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Flashcards in Midterm - Med Term Deck (18)
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electroencephalography (EEG)

Recording of electrical activity in the brain, whose cells emit distinct patterns of rhythmic electrical impulses


electromyography (EMG)

recoring of electrical signals (action potentials) that occur in a muscle when it is at rest and during contraction to assess nerve damage

In an EMG, an electrode inserted into a muscle records impusles and displays them on a monitor called an oscilloscope


lumbar puncture

needle puncture of the spinal cavity to extract spinal fluid for diagnostic purposes, introduce anesthetic agents into the spinal canal, or remove fluid to allow other fluids (such as radioopaque substances) to be injected; also called spinal puncture or spinal tap


nerve conduction velocity (NCV)

test that measures the speed at which impulses travel through a nerve; in NCV, one electrode stimulates a nerve while other electrodes, placed over different areas of the nerve record an electrical signal as it travels through the nerve; this test is used for diagnosing muscular dystrophy and neurological disorders that destroy myelin


cerebrospinal fluid (CSF) analysis

series of chemical, microscopic, and microbial tests used to diagnose disorders of the CNS, including viral and bacterial infections, tumors, and hemorrhage



radiography of the blood vessels after introduction of contrast medium; used to visualize vascular abnormalities


cerebral angiography

angiography of blood vessels of the brain after injection of a contrast medium; also called cerebral arteriography; identifies vascular tumors, aneurysms, and occlusions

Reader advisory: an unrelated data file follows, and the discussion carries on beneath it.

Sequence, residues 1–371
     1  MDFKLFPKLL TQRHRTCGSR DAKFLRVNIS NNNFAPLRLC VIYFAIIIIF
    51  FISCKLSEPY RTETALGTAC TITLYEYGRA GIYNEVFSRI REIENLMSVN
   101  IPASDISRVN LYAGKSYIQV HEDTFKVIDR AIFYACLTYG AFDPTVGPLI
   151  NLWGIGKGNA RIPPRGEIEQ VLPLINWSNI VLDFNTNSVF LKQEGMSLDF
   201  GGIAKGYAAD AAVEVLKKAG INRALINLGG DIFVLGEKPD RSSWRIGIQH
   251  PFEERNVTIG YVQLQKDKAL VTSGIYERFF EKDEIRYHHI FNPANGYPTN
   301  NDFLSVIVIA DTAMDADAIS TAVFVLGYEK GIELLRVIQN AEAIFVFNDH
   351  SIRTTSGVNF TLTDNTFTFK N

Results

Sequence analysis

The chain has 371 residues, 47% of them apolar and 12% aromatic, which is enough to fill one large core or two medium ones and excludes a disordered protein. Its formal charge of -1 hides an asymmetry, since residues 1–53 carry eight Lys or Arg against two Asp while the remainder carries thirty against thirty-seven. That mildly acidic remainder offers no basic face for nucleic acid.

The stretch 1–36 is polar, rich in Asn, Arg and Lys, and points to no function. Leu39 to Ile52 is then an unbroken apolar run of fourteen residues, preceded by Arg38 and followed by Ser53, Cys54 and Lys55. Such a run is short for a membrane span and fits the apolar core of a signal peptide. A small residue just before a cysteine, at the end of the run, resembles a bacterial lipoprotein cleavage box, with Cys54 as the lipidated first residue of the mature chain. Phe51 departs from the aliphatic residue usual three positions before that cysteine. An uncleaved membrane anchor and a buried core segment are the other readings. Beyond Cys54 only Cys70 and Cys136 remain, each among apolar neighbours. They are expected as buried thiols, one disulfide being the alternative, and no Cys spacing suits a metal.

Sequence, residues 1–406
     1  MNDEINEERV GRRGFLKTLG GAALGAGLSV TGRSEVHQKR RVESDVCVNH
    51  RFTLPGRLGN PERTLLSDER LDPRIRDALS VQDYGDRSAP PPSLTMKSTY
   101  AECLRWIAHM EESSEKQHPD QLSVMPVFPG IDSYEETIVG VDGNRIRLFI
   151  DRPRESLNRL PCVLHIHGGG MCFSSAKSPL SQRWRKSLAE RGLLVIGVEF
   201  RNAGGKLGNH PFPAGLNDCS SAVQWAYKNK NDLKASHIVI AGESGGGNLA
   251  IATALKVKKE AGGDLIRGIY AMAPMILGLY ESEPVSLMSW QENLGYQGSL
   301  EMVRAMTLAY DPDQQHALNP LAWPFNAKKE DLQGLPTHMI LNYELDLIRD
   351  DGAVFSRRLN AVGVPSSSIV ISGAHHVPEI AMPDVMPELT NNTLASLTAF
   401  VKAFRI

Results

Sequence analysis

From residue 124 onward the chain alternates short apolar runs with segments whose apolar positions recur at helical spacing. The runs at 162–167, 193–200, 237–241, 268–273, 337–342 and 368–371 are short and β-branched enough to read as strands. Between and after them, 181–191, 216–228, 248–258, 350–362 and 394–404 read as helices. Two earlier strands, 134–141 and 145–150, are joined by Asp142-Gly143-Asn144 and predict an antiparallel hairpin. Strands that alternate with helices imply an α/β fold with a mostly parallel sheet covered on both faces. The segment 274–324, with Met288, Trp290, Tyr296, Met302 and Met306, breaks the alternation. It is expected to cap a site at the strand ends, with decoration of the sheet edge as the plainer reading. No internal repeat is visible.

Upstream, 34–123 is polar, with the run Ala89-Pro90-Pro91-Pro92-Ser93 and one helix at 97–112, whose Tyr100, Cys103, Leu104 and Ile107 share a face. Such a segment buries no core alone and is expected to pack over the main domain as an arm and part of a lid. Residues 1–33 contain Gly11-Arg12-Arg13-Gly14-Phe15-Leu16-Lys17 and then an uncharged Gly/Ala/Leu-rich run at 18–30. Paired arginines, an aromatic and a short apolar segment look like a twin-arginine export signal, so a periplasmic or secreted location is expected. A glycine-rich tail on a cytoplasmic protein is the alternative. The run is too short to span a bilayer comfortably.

computed tomography (CT)

imaging technique achieved by rotating an x-ray emitter around the area to be scanned an dmeasuring the intensity of transmitted rays from different angles



diagnostic radiological examination of the spinal canal, nerve roots, and spinal cord after injection of contrast medium into the spinal canal; usually performed in conjunction with CT and when an MRI is not possible


positron emission tomography (PET)

scan using CT to record the positrons (positively charged particles) emitted from a radiopharmaceutical and produce a cross-sectional image of metabolic activity in body tissues to determine the presence of disease; used to diagnose disorders that involve abnormal tissue metabolism, such as schizophrenia, brain tumors, epilepsy, stroke, and Alzheimer's disease



imaging procedure using high-frequency sound waves that display the reflected "echoes" on a monitor



ultrasound technique used to study intracranial structures of the brain and conditions that cause a shift in the midline structures of the brain



technique that exposes abnormal tissue to extreme cold to destroy it; somtimes used to destroy malignant tumors of the brain


stereotaxic radiosurgery

precise method of locating and destroying sharply circumscribed lesions on specific, tiny areas of pathological tissue in deep-seated structures of the CNS; used in treatment of seizure disorders, aneurysms, brain tumors



partial destructino of the thalamus to treat intractable pain, involuntary movements, or emotional disturbanes



transection of a nerve tract in the brainstem or spinal cord; somtimes used to relieve intractable pain



technique that cuts a circular opening into the skull to reveal brain tissue and decrease intracranial pressure



interruption of the function of the vagus nerve to relieve peptic ulcer; performed when ulcers in the stomach and duodenum do not respond to medication or changes in diet